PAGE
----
Kenneth Branagh has announced that the BBC Wallander series will be closed with a final three-episode fourth series. It will consist of an adaptation of The White Lioness and a two-episode adaptation of Mankell's final Wallander novel, The Troubled Man. Yes!
Posted by Dave at 11:38 AM
Wallander is a British television series adapted from the Swedish novelist Henning Mankell's Kurt Wallander novels and starring Kenneth Branagh as the eponymous police inspector. The first three-episode series, produced by Yellow Bird, Left Bank Pictures and TKBC for BBC Scotland, was broadcast on BBC One from November to December 2008.
It is the first time the Wallander novels have been adapted into an English-language production. Yellow Bird, formed by Mankell, began negotiations with British companies to produce the adaptations in 2006. In 2007, Branagh met with Mankell to discuss playing the role. Contracts were signed and work began on the films, adapted from Sidetracked, Firewall and One Step Behind, in January 2008. Emmy-award-winning director Philip Martin was hired as lead director. Martin worked with cinematographer Anthony Dod Mantle to establish a visual style for the series. The two were keen to use the Red One digital camera, making Wallander the first British television series to do so.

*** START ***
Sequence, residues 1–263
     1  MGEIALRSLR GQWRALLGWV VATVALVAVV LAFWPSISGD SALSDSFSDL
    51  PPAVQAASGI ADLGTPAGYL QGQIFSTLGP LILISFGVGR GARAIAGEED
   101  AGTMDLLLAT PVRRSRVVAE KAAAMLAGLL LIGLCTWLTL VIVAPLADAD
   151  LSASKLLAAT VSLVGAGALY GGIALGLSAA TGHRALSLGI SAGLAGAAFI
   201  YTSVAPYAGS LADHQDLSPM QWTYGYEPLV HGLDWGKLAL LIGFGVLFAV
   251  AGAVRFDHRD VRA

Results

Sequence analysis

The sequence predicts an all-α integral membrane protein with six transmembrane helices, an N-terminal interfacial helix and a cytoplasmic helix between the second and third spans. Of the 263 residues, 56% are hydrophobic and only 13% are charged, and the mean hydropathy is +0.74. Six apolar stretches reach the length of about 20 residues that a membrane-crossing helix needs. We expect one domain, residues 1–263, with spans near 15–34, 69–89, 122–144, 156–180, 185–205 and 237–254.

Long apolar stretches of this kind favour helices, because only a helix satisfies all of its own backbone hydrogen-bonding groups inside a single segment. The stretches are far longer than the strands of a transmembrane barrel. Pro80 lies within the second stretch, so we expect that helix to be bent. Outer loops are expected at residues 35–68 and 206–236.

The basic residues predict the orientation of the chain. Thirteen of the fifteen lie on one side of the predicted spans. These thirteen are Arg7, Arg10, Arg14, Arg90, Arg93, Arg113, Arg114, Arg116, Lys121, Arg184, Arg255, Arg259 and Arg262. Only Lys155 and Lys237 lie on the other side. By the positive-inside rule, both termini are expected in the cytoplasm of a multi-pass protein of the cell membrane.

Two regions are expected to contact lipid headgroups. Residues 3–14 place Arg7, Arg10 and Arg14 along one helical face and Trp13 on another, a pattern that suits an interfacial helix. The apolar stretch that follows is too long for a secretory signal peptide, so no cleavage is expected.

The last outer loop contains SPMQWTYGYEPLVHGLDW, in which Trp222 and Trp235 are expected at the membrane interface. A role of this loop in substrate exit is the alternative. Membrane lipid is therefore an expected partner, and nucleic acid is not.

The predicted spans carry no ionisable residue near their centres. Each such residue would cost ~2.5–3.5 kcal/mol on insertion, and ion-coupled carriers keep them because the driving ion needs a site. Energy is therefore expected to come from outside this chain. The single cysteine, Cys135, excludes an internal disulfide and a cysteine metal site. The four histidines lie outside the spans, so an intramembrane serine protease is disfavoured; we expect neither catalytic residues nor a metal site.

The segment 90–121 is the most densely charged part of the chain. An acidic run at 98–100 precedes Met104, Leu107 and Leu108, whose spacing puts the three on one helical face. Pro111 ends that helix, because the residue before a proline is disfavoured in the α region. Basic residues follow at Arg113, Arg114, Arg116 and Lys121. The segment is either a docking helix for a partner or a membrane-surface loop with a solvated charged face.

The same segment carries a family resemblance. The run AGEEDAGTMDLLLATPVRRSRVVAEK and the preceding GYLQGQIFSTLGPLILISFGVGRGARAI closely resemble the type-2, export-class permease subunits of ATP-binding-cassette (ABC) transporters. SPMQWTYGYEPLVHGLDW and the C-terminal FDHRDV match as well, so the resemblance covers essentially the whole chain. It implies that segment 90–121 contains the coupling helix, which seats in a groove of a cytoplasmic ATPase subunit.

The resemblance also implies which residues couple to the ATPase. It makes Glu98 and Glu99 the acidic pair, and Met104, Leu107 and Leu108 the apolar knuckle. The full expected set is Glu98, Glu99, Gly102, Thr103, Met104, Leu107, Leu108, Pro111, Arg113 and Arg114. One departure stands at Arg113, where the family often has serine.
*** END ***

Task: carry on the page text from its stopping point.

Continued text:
Using scripts adapted by Richard Cottan and Richard McBrien, filming ran for 12 weeks from April to July 2008 in Wallander's hometown of Ystad, Sweden. The series had a budget of £7.5 million, drawn from the BBC and from pre-sales to Germany and America; Germany's ARD Degeto and America's WGBH Boston are credited as co-producers for their budget contribution. Critics have written positively of the series. The three films were broadcast on BBC One on 30 November, 7 December, and 14 December 2008 respectively.
The second series was filmed from July to October 2009 and was broadcast from 3 January 2010. The third series began filming in the summer of 2011 in Ystad and Riga, Latvia. The series has won a Broadcasting Press Guild Award (Best Actor for Branagh) and six British Academy Television Awards, including Best Drama Series.
Posted by Dave at 11:32 AM